New Split for Oil & Gas Revenues

Indonesia' Oil and Gas Deficit Predicted to Occur in 2025
Oil & Gas Block- Photo by Energy and Mineral Resources Ministry

JAKARTA (TheInsiderStories) – The Indonesian Energy and Mineral Resources Ministry has issued Ministerial Decree No. 52/2017 on oil and gas contracts, based on a ‘gross split’ scheme. This regulation becomes effective on 29 August 2017.

Under Energy and Mineral Resources Ministry Regulation No. 38/2015, the government will promote three types of cooperative contracts, namely, Production Sharing Contract (PSC), Sliding Scale PSC, and Gross Split Sliding Scale PSC.

Under the new revision, the government still takes a base split of 52 percent for gas and 57 percent for oil, but has raised other components of the split. The revisions increase contractors’ share of output in the second and third stages of production, and where oil and gas has a higher sulphur content, or at the Minister’s discretion, among other changes.

Government also mandates State-owned energy company PT Pertamina to use the gross split scheme, which will allow more incentives for contractors when they enter further development (Plan of Development/POD) Phase II.

The Government claims that since they have been drafting the regulation since last July, they have already received and responded to input from contractors. Revised production-sharing contracts are said to be more appealing to investors, and are expected to spur more investment in the upstream oil and gas industry.

During H1, investment in the sector reached US$4.8 billion, still far from this year’s annual target, set at $22.2 billion. The energy industry contribution to state revenue has dropped from around 25 percent in 2006 to an anticipated 3.4 percent this year, according to data from consulting firm PriceWaterhouseCoopers.

This reflects lackluster oil and gas production over the last decade, as Indonesia’s crude oil output peaked at around 1.7 million barrels per day in the mid-1990s. But with few significant oil discoveries in Western Indonesia in the past 10 years, production has fallen to roughly half that, as old fields have matured and dried up.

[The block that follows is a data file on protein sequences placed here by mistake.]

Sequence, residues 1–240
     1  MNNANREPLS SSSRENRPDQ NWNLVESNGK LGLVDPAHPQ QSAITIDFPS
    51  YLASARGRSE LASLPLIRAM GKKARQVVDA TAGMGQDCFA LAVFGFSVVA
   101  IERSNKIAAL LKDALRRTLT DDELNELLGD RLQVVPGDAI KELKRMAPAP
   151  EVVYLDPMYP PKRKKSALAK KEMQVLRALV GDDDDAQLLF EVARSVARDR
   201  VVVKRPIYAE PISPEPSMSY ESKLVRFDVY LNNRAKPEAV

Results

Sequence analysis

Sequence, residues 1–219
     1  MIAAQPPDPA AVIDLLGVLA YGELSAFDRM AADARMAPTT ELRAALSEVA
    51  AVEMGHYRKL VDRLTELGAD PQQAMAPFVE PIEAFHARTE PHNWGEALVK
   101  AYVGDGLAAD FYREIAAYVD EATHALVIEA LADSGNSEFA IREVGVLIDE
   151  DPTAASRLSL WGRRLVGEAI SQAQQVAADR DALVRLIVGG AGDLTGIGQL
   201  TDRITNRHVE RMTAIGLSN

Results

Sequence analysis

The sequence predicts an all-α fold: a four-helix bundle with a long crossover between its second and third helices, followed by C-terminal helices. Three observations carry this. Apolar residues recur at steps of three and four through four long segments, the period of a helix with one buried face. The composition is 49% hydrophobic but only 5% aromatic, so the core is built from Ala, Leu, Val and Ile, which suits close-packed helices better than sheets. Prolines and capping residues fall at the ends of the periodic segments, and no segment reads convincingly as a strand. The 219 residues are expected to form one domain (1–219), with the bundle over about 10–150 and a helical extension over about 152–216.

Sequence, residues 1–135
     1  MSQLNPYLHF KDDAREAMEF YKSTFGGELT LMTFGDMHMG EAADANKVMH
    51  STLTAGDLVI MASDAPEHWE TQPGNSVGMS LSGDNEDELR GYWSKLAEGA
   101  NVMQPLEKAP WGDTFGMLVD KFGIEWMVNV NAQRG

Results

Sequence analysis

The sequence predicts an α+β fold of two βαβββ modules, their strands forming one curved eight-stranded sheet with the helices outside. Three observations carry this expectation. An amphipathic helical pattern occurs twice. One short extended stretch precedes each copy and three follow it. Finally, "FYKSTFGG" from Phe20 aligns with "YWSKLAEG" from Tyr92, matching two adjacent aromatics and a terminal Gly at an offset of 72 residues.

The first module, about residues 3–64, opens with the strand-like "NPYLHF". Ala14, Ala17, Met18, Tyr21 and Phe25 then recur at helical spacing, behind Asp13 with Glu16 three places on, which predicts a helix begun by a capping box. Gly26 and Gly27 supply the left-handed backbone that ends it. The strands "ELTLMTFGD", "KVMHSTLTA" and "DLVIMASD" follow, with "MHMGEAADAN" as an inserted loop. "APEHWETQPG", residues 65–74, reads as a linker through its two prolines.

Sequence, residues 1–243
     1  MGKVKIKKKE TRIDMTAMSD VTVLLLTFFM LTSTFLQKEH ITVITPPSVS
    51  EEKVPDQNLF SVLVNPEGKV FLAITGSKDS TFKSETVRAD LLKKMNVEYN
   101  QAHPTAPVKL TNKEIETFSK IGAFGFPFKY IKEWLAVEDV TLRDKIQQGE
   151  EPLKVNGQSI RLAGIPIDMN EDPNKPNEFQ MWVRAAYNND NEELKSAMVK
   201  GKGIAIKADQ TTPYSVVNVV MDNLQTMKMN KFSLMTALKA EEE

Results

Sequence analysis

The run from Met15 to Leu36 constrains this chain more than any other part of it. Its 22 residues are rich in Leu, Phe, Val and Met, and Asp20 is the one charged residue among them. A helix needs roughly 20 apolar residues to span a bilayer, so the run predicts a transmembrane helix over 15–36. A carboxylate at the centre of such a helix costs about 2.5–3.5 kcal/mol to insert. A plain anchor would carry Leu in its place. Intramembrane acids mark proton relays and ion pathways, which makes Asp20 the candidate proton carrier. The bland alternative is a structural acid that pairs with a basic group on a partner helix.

Oil and Gas reserves continue to decline. During 2013-2016, oil stocks dropped from 3,692.5 million stock tank barrels to 3,602.5 thousan stock tank barrels.

Commenting on the new regulation, Marjolijn Majong, Executive Director of Indonesia Petroleum Association (IPA) expressed his appreciation of the increasing rate of several variable splits under the new regulation. It will improve the economics of the field, particularly in early production phases. Also, there is no limitation on incentives for additional splits, as needed for certain well developments. He also approved the flexibility of contracts.

“We appreciate how the government has opened options about contract scheme renewal, as there will always be special cases that need to be discussed between government and contractors when they want to renew their contract,” he said.

On August 13, the government introduced Ministerial Decree No. 8/2017 on gross split sliding scale, replacing cost recovery schemes. Gross Split Sliding Scale PSC involves the sharing of progressive gross production based on annual production, without any cost recovery mechanism.

In 2016, the actual cost recovery reached US$11.4 billion, higher than the planned $8.4 billion. On the other hand, oil and gas companies will be trying to intensify efforts to simplify and make costs effective as much as possible. In the past, it took time for the Special Task Force for Upstream Oil and Gas to approve the plan of development, as regulators had to look at the cost plan and structure. The gross split scheme has thus been applied to solve this issue.

Writing by Yosi Winosa